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Conspiracy theories and rationality

By David Coady - posted Thursday, 21 June 2007


I have been interviewed by the media several times since my edited collection Conspiracy Theories: The Philosophical Debate came out. On each occasion the questions I was asked presupposed that conspiracy theories are invariably false and that the people who believe them (i.e., conspiracy theorists) are irrational. Every interviewer has expressed the hope that I could explain why people persist in this form of irrationality.

In retrospect this should not have been surprising. The expression “conspiracy theory” has strongly negative connotations; it is almost invariably used in a way which implies that the theory in question is not to be taken seriously. However careful consideration of what a conspiracy theory is reveals that this dismissive attitude is not justified.

A “conspiracy” is simply a secret plan on the part of a group of people to bring about some shared goal, and a “conspiracy theory” is simply a theory according to which such a plan has occurred or is occurring. Most people can cite numerous examples of conspiracies from history, current affairs, or their own personal experience. Hence most people are conspiracy theorists.

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The problem is that when people think of particular examples of conspiracy theories they tend to think of theories that are clearly irrational.

When asked to cite examples of typical conspiracy theories, many people will refer to theories involving conspirators who are virtually all-powerful or virtually omniscient.

Others will mention theories involving alleged conspiracies that have been going on for so long or which involve so many people, that it implausible to suppose that it could have remained undetected (by anyone other than the conspiracy theorists).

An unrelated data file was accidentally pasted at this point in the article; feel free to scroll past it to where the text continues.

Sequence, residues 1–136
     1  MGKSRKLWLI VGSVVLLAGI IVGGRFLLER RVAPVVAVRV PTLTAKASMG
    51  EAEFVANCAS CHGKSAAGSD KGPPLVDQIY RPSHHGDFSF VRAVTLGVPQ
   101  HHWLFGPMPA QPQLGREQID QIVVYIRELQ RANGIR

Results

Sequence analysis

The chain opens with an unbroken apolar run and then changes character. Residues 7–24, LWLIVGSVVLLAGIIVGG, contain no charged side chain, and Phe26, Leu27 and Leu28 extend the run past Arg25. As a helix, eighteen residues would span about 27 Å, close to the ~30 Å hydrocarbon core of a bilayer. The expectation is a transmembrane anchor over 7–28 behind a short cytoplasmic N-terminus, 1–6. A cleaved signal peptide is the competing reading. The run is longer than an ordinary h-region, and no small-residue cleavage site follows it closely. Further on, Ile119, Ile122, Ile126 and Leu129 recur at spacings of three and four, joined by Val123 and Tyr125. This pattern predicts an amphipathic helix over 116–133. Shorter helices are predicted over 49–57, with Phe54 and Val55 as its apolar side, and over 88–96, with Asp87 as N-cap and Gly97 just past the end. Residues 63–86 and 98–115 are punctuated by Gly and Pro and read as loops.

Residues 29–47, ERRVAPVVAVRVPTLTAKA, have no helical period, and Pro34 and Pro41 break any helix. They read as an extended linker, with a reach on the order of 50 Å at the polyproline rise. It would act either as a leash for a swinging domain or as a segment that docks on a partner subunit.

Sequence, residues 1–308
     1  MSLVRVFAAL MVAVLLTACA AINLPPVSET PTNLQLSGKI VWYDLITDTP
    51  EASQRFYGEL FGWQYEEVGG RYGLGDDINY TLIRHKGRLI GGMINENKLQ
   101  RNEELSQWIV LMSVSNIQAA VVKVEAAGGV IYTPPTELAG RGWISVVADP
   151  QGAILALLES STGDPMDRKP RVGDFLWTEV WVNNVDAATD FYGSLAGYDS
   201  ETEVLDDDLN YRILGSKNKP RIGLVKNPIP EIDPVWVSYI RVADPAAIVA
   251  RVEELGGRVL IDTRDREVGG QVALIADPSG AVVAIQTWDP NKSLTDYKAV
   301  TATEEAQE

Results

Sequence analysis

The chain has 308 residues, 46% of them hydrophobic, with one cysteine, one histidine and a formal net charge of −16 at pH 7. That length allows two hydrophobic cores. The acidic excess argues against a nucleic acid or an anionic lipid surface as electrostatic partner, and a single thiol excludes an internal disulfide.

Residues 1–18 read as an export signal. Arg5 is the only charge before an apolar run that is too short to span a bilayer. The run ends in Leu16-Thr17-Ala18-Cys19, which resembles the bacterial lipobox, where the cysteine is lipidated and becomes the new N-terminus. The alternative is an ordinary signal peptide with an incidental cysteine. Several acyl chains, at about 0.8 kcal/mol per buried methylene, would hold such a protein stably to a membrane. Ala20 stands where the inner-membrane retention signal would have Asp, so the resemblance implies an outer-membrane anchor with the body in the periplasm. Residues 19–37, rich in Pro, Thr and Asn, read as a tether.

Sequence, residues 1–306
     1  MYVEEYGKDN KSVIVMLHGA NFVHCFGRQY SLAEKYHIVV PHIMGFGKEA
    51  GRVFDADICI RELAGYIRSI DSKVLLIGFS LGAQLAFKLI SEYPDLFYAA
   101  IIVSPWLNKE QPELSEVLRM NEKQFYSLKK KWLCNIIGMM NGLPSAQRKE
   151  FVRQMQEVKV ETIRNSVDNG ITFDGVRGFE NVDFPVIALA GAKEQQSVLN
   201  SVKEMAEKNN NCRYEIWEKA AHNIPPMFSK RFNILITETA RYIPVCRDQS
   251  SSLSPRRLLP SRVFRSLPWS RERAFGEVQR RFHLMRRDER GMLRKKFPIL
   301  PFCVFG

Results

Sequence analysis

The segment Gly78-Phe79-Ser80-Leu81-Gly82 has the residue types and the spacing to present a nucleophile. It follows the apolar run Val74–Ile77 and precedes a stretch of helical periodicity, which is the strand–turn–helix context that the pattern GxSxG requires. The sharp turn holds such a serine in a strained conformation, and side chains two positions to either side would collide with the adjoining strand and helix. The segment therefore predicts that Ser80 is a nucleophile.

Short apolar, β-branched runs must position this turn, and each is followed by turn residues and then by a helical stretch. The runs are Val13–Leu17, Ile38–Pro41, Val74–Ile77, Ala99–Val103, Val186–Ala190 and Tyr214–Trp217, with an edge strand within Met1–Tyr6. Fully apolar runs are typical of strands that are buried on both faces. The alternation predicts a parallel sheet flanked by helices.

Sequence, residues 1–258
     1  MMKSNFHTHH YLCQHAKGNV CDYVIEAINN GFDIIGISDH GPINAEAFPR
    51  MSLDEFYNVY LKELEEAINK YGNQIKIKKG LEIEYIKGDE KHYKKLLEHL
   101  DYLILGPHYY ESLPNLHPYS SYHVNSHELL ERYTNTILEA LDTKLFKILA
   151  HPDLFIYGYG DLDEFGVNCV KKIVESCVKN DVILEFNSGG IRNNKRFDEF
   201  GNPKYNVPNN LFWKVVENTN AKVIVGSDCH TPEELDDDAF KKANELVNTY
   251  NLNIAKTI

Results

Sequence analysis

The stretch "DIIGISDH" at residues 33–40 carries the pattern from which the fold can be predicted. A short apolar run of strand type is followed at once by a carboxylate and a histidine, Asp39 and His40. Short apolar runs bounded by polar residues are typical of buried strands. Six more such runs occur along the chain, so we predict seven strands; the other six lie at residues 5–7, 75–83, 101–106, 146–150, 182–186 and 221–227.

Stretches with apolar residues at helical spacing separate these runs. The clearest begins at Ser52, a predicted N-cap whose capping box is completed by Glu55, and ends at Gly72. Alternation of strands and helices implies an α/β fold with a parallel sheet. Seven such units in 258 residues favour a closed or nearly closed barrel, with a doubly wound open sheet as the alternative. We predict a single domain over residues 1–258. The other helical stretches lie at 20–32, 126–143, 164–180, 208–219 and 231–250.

Still others refer to theories involving conspirators who appear to have no motive to conspire (unless perhaps the desire to do evil for its own sake can be thought of as a motive).

Such theories are conspiracy theories and they are irrational, but it does not follow, nor is it true, that they are irrational because they are conspiracy theories. Thinking of such irrational conspiracy theories as paradigms of conspiracy theories is like thinking of numerology as a paradigm of number theory, or astrology as a paradigm of a theory of planetary motion. The subject matter of a theory does not in general determine whether belief in it is rational or not.

People do conspire. Indeed almost everyone conspires some of the time (think of surprise birthday parties) and some people conspire almost all the time (think of CIA agents). Many things (for example, September 11) cannot be explained without reference to a conspiracy. The only question in such cases is “Which conspiracy theory is true?”.

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The official version of events (which in this case I accept) is that the conspirators were members of al-Qaida. This explanation is, however, unlikely to attract the label “conspiracy theory”. Why not? Because it is also the “official story”.

Although it is common to contrast conspiracy theories with the official non-conspiratorial version of events, quite often the official version of events is just as conspiratorial as its rivals. When this is the case, it is the rivals to the official version of events that will inevitably be labelled “conspiracy theories” with all the associated negative connotations. So, “conspiracy theory” has become, in effect, a synonym for a belief which conflicts with an official story.

This should make it clear how dangerous the expressions “conspiracy theory” and “conspiracy theorist” have become. These expressions are regularly used by politicians and other officials, and more generally by defenders of officialdom in the media, as terms of abuse and ridicule.

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About the Author

David Coady is a lecturer in philosophy at the University of Tasmania. His book Conspiracy Theories: The Philosophical Debate was published by Ashgate, 2006.

Creative Commons LicenseThis work is licensed under a Creative Commons License.

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